It might be premature to call Nymphomaniac a hit with critics, but it's getting the job done so far.
The early reviews for Lars Von Trier's two-part, four-hour sexual epic film have surfaced, and, well, don't be surprised if you start hearing someone tell you they want it von Trier-style. According to reports, movie-watchers are bound to be satisfied by Shia LaBeouf's latest flick, which tells the account of a very active woman's sexual life. The film also stars Charlotte Gainsbourg, Stellan Skarsgard, Stacy Martin, Christian Slater, Jamie Bell, Uma Thurman, Willem Dafoe and Mia Goth.
Unfortunately, you won't be able to enjoy this climactic experience for a while. Part 1 opens in U.S. theaters on March 21 and Part 2 releases on April 18.
Until then, check out what the critics had to say...
• "Still, it's hard to imagine that there's any issue other than the sheer unmanageability of the director's ultra-long cut for theatrical purposes and censorship issues that might have arisen in some territories from a more predominantly hard-core version. There is no sense of material missing or stories foreshortened, and the cutting style and use of music are unmistakably those of the filmmaker. Nor does one go away hungry; this smorgasbord of talk and sex constitutes a very full meal."—Todd McCarthy, The Hollywood Reporter
• "Racy subject aside, the film provides a good-humored yet serious-minded look at sexual self-liberation, thick with references to art, music, religion and literature, even as it pushes the envelope with footage of acts previously relegated to the sphere of pornography."—Peter Debruge, Variety
• "Hang on to your seat back, your Bible, or the hand of a friend. Lars von Trier's Nymphomaniac bludgeons the body and tenderises the soul. It is perplexing, preposterous and utterly fascinating; a false bill of goods in that it's a film about sex that is deliberately unsexy and a long, garrulous story (two volumes, four hours) that largely talks to itself."—Xan Brooks, The Guardian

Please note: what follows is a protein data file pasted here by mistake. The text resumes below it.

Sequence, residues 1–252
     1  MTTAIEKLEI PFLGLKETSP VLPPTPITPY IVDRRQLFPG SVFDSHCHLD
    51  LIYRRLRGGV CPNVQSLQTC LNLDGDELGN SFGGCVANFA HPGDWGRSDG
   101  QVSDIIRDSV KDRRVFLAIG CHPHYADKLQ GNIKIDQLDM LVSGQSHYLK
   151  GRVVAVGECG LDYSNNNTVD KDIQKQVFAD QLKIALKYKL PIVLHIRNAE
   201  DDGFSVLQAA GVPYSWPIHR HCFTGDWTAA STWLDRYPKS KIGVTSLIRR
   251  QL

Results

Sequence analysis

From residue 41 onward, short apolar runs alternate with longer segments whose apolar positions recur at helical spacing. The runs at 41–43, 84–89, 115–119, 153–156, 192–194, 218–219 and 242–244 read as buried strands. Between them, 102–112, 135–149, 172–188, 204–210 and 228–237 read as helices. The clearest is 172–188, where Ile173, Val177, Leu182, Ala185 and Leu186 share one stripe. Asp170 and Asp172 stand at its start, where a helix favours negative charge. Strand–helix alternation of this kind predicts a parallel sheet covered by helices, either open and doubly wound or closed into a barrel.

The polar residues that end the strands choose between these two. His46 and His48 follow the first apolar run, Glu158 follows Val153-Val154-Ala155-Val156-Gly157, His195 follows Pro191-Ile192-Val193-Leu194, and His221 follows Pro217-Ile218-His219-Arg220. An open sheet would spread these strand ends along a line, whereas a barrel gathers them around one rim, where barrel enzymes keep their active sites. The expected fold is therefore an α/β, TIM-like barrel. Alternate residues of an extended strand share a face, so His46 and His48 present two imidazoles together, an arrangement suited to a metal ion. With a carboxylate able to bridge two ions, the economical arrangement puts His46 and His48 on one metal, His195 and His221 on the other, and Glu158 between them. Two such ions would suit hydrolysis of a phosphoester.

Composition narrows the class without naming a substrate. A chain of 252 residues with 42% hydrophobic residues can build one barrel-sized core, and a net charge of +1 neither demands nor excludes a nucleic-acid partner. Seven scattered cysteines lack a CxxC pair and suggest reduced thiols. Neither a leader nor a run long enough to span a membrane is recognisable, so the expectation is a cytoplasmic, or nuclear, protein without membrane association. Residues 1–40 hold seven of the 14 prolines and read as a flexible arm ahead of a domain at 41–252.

• "After two earlier films with von Trier, Antichrist and Melancholia, this third collaboration represents Charlotte Gainsbourg's most fearless and also finest hour as she carries the film with ease. To say her character isn't easy to love would be an understatement, but Gainsbourg manages to turn Joe into more than just a mouthpiece of von Trier's ideas."—Boyd van Hoeij, Indie Wire
• "There's plenty of flesh (much of it belonging to porn doubles), although the film is rarely, if ever, what most people would call erotic or pornographic. It's neither deeply serious nor totally insincere; hovering somewhere between the two, it creates its own mesmerising power by floating above specifics of time and place, undercutting its main focus with bizarre digressions (fly-fishing, maths, religion), a ragbag of acting styles and archive footage. There's humour too, not least when the wife (Uma Thurman) of one of Joe's lovers turns up at Joe's flat with her three young kids in tow. Enormous penises flash across the screen; tragedy sits next to comedy. It feels like an X-rated farce, a circus of genitalia."—Dave Calhoun, Time Out London